Monday, 20 March 2017

Animators, an acting masterclass

Around the time that I started doing animation at University, I occasionally heard people talk about animators being actors. I didn't really understand or fully appreciate what was meant by this until I started working on something involving characters. When working on animations like this there will often be times where you might be unsure how to approach a particular movement, and in the same way that an artist might use an image reference to create a piece, animators will sometimes be in need of such material.

However, specific moving imagery references are not as easily sourced - particularly if you are creating something surreal. As a result you might find that is quite common for animators to act out movements in the studio themselves, to get a real idea of how the character might move in a given situation and how best to approach this through animation.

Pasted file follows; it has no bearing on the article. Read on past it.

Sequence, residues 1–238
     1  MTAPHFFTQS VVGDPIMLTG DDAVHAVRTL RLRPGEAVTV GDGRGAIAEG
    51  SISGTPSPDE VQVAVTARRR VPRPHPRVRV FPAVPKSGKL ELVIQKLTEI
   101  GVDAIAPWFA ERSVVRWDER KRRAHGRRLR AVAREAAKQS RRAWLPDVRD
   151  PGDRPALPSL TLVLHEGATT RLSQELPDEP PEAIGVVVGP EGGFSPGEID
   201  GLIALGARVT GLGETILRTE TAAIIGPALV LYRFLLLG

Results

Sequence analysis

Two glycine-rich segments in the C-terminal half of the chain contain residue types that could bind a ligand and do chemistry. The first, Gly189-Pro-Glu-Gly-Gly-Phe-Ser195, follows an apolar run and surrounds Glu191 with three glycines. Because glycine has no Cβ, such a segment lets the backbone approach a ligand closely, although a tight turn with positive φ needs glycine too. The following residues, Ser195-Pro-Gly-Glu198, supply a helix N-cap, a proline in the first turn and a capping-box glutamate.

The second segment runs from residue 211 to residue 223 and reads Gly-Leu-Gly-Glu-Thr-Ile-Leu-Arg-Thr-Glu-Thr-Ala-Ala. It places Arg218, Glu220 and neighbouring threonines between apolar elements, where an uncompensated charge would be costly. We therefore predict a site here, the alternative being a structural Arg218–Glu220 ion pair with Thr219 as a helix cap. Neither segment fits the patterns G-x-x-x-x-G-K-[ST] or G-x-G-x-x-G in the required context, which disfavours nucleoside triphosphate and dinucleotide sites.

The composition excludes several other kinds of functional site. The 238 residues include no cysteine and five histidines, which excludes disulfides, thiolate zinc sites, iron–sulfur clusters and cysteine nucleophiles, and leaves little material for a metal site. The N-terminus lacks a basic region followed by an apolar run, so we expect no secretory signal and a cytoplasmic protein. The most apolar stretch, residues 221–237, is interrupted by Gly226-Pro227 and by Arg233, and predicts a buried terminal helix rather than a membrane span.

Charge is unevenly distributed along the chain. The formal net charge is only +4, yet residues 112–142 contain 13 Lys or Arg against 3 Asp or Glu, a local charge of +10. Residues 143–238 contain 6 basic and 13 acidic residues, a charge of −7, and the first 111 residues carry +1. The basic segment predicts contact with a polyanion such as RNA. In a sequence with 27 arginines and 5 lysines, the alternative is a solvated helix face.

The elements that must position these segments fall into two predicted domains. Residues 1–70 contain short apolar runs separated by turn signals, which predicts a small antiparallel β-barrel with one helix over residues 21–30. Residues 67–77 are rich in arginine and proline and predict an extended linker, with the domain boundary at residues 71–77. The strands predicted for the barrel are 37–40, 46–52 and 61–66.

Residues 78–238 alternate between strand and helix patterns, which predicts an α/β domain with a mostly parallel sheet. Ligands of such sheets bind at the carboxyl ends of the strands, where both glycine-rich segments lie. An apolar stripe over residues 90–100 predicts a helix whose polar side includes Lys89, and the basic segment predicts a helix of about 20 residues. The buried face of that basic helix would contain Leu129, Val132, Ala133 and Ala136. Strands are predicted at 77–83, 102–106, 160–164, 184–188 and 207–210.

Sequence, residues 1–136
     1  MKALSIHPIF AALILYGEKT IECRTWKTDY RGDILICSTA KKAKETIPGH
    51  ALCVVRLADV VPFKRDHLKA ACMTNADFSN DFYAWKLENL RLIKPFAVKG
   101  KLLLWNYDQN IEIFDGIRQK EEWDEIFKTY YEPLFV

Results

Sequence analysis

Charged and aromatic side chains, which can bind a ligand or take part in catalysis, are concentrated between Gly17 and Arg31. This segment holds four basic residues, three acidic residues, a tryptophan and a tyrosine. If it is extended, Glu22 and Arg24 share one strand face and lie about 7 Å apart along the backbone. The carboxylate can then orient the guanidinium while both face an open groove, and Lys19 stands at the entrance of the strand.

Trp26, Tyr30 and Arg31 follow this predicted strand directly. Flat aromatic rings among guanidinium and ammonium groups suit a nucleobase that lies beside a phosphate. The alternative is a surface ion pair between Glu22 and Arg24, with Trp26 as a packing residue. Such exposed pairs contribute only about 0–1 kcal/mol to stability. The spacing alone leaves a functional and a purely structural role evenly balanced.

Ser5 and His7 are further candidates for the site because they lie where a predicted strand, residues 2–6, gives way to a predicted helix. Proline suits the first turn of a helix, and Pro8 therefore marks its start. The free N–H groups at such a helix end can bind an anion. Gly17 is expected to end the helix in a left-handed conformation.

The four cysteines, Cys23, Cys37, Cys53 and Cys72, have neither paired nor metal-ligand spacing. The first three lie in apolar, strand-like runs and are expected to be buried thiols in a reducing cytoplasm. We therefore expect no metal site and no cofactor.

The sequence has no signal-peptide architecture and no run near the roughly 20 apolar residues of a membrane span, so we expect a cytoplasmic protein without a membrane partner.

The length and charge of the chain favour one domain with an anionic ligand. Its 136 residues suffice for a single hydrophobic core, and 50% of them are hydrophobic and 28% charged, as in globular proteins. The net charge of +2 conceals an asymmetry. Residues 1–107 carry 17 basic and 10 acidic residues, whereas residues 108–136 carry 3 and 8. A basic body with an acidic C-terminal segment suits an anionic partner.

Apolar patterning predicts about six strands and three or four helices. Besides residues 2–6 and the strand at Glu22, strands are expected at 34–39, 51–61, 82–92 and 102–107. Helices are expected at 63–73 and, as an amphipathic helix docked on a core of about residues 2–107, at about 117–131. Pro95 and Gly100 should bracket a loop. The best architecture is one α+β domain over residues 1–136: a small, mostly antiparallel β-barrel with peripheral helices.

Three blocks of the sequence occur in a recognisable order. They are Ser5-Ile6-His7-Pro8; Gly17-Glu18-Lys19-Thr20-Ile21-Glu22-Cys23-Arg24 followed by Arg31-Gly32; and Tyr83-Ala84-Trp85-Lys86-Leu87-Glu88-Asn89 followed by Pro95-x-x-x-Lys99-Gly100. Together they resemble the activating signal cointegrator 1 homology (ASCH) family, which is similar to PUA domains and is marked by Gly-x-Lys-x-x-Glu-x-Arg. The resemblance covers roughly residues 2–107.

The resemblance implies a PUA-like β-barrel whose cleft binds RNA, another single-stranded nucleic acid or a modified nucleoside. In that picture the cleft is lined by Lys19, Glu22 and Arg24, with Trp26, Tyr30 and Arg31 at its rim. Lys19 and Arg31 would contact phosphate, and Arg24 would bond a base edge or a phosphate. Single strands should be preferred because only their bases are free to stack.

The state of animation has changed dramatically over the past 20 years, and the lines are getting more blurred as to what constitutes animation these days. A range of 3D tools are now easily accessible, which allow quick positioning and movement of a character for this purpose of referencing. The traditional form of animation is a dying art in the west, and this is largely due to the needs of the industry. If you visit any animation festival, you will see a lot of great student work based in the traditional realm, but this becomes more sparse as you explore the commercial works - with the exception of the odd quirky commission. The interest of animators is still there, and whilst traditional animation exists; there will always be the need to use the studio as a stage to act out movements.

One artist that I follow on instagram, Paolo Rivera, demonstrates a good example of this practice. He is a comic book artist who regularly shares the process of his work. Posing and composition are important elements of comic book work, as the artist has to capture the motion of a single image. Paolo will often show how photos of himself acting out various poses, side-by-side with the finished illustration. It's the same process that an animator would use to explore the movement of the character.

Thanks to Paolo for allowing me to use these images, you can see more of his work on his personal blog.